More elderly-friendly facilities and services coming up islandwide

The City For All Ages initiative, which aims to make Singapore a country that is elderly-friendly, gives estates $50,000 to kick-start efforts. -- PHOTO: ST FILE
The City For All Ages initiative, which aims to make Singapore a country that is elderly-friendly, gives estates $50,000 to kick-start efforts. -- PHOTO: ST FILE

SINGAPORE - Madam Junaidah Salleh, 48, who suffers from joint aches, used to have to take her 97-year-old wheelchair-bound father to the Toa Payoh Polyclinic, a trip that required them to board two different buses each way.

But now, there is a small satellite clinic run by the Tsao Foundation, at a nearby block. The clinic that's open twice a week is part of Whampoa's City For All Ages (CFAA) initiative.

The CFAA, which gives estates $50,000 to kick-start their efforts, aims to make Singapore a country that is elderly-friendly.

Launched in four estates in 2011, and since then expanded to 12 more, it looks at what residents in different estates need to make it easier for them to go out and about in the community.

Whampoa enlisted the help of Tsao Foundation to start the clinic for patients with complex medical problems. They currently have 20 patients, and will be extending it to 200 in the coming months.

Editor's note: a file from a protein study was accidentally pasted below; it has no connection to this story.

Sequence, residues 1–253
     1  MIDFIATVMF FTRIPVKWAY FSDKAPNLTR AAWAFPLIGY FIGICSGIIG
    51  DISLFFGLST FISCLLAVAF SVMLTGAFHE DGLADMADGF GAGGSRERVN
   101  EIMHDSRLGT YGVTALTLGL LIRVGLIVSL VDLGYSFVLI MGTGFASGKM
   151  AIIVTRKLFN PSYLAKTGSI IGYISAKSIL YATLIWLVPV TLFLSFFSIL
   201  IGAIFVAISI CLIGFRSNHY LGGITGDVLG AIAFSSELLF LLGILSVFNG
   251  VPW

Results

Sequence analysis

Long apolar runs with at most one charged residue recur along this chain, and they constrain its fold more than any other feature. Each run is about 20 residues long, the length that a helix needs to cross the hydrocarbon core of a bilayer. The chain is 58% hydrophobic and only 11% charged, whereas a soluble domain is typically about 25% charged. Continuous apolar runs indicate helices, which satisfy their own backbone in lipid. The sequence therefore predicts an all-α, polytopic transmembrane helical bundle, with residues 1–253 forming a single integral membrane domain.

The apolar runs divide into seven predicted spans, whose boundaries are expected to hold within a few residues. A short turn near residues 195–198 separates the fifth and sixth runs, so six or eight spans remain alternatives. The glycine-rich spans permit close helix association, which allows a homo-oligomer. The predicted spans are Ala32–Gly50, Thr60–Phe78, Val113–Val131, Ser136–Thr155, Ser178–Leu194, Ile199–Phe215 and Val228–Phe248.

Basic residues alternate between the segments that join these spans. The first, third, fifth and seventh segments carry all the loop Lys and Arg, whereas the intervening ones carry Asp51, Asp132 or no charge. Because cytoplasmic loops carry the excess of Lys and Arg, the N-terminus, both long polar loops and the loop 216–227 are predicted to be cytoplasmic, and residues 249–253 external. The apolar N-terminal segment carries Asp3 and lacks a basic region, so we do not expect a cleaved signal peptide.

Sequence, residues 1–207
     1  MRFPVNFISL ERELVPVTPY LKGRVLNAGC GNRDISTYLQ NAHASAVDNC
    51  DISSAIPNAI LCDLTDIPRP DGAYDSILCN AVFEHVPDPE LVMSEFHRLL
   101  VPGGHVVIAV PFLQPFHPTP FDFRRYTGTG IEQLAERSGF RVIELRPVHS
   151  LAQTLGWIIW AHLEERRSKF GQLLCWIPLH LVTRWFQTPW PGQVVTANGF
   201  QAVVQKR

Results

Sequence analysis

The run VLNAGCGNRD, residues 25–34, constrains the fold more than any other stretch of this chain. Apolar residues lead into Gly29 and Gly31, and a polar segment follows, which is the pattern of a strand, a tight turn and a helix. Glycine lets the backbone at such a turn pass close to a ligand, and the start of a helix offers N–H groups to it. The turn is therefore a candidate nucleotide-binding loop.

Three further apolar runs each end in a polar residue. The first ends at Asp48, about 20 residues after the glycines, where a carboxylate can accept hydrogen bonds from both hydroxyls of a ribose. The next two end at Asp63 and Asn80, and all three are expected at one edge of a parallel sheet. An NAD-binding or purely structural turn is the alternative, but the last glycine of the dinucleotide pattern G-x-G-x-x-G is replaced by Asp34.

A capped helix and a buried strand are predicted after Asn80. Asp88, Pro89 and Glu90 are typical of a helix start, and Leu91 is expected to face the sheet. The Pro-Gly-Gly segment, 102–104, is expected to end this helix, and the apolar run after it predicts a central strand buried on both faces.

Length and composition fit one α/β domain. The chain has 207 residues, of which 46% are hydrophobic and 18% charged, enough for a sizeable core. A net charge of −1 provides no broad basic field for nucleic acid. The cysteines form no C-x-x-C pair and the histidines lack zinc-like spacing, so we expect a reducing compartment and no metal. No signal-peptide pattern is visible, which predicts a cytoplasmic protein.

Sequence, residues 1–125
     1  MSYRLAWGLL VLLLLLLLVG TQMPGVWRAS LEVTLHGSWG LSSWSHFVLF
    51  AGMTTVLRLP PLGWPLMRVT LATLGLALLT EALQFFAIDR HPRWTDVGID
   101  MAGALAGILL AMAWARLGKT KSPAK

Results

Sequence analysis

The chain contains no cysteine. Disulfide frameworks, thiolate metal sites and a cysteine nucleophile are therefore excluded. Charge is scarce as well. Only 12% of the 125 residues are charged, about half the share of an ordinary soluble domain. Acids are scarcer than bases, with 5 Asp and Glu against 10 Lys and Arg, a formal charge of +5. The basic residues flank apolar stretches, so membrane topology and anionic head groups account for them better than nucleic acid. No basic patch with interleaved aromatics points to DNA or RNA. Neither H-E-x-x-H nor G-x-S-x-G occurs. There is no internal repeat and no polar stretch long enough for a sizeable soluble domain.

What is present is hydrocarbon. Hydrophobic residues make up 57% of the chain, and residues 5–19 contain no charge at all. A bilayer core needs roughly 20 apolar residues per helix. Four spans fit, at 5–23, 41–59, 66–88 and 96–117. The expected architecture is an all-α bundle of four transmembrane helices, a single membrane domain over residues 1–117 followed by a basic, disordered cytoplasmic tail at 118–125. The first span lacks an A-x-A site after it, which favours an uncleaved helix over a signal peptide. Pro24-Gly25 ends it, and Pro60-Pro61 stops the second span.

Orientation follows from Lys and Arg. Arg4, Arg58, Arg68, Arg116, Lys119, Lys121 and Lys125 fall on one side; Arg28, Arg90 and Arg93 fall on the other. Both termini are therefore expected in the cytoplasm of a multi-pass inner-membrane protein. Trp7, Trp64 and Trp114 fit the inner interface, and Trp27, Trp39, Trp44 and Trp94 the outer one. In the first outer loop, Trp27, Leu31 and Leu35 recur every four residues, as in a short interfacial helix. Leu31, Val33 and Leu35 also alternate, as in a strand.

The clinic ties up with Toa Payoh Polyclinic which supplies the medication the patients need at the normal subsidised rates. Prescriptions are faxed to the polyclinic which packs them, to be collected the following day for distribution to the patients.

Patients can use their Pioneer Generation or CHAS cards for government subsidies.

Madam Junaidah said having the nearby clinic takes a weight off her mind, as it was extremely difficult to get her father, who suffers from diabetes and hypertension, to the polyclinic in his wheelchair, as she cannot afford to take a taxi.

Dr Amy Khor, Senior Minister of State for Health and Manpower on Sunday launched a guidebook at Whampoa to share success stories from the 16 estates and help them to go about doing it for their own estate.

Because places and needs differ, estates need to find out first what their seniors want. But there are some common needs that can be escalated into national schemes, she said, such as the anti-slip floors and grab bars in Housing Board flats - pioneered by Marine Parade and now provided by the HDB to all housing estate flats with seniors living in them.